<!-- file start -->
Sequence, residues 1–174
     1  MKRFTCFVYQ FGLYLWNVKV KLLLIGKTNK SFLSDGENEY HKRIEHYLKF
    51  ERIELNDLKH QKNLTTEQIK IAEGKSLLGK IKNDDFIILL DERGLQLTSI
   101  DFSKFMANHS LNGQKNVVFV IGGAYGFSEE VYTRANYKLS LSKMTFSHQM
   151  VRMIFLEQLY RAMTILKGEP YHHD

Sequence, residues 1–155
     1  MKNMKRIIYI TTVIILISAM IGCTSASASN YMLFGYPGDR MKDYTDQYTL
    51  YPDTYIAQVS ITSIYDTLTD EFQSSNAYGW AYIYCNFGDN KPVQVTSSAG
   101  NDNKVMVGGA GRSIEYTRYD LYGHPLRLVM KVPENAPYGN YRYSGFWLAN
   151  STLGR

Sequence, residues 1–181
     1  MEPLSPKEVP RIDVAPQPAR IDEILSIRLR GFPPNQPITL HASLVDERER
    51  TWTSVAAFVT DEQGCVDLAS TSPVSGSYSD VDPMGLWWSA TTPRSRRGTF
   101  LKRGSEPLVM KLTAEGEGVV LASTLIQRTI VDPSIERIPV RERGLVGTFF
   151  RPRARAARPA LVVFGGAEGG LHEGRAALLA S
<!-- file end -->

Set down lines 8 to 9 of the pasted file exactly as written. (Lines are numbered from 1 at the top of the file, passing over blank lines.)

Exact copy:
    51  YPDTYIAQVS ITSIYDTLTD EFQSSNAYGW AYIYCNFGDN KPVQVTSSAG
   101  NDNKVMVGGA GRSIEYTRYD LYGHPLRLVM KVPENAPYGN YRYSGFWLAN